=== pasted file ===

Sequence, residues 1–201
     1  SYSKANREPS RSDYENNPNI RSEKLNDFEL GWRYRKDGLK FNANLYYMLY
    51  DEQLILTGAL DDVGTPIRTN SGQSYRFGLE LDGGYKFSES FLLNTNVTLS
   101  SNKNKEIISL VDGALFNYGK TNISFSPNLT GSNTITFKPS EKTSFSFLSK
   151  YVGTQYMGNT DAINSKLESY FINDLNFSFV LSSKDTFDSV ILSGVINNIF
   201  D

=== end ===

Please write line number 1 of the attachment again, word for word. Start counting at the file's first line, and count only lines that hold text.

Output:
Sequence, residues 1–201